What If You Can Live Off Your Dividends?

I’ve spent part of my day studying General Mills (sexy, I know) because the company sells products like flour and Cheerios that are immediately recognized as indispensable. The stock never seems particularly cheap, and no one ever talks about buying it despite (1) the easy-to-understand business model, (2) an uninterrupted dividend history dating back to the 1890s, and (3) a track record of compounding at 12.5% annually over the past three decades, leaving behind in the dust almost every hedge fund that exists in America net of fees.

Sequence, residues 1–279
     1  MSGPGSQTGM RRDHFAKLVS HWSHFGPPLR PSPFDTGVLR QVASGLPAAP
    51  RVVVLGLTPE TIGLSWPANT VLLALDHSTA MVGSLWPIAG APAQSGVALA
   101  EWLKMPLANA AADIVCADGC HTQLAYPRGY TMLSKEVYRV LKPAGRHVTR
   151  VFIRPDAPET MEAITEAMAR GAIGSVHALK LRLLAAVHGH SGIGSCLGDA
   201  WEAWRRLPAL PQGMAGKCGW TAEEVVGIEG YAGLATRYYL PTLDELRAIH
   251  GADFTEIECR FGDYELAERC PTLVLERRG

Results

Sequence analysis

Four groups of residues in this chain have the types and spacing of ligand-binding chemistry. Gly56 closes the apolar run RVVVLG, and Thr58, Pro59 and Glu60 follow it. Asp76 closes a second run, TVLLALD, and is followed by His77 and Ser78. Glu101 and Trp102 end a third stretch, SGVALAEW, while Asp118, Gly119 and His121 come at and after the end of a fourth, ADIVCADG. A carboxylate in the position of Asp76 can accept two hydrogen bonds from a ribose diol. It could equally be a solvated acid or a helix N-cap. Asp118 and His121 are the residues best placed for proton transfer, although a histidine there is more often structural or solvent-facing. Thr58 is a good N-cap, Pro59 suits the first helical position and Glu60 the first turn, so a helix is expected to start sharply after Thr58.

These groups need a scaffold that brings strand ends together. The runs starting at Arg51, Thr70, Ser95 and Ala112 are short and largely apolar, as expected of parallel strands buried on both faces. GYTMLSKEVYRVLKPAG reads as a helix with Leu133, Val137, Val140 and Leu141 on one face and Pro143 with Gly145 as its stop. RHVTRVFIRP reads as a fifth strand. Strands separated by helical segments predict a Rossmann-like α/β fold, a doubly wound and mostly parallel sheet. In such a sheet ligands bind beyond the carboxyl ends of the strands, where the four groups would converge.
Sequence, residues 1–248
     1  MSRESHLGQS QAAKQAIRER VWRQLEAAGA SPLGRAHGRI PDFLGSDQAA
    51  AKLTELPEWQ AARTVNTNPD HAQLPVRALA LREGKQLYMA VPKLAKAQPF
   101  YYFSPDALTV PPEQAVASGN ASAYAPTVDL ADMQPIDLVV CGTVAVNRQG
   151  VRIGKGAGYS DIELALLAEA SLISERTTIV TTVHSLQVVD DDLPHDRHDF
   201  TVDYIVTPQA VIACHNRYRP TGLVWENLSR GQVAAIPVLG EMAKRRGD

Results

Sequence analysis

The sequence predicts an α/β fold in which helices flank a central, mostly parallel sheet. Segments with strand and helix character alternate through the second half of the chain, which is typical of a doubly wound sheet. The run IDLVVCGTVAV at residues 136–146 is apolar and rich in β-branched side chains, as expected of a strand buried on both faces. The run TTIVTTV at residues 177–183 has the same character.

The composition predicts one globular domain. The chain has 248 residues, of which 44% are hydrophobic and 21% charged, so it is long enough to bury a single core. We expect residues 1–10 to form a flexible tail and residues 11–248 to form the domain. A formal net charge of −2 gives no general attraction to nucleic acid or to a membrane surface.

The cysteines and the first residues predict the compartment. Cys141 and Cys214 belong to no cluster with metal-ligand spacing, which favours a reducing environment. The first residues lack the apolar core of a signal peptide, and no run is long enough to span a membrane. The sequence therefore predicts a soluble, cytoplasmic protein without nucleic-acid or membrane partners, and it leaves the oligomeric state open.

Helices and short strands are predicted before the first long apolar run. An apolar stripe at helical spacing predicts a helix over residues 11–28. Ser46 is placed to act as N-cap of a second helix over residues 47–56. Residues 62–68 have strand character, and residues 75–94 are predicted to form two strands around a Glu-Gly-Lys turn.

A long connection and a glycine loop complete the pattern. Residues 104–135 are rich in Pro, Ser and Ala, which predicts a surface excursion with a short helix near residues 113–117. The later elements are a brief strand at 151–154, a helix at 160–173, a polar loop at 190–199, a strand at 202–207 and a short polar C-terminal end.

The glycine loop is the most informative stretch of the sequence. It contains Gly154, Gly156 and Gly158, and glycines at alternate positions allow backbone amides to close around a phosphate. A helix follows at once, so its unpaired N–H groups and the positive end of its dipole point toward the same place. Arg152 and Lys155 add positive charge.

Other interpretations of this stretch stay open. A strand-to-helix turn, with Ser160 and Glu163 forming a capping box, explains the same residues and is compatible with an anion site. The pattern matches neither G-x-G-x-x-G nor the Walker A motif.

Someone who has steadily been committing to buying $300 shares of General Mills every month since 1983 would find himself in the interesting position of owning 22,200 shares of the cereal and breakfast product giant (of course, setting $300 in 1983 would be the equivalent of setting aside $700 today, but hopefully someone in real life would be able to increase their … Read the rest of this article!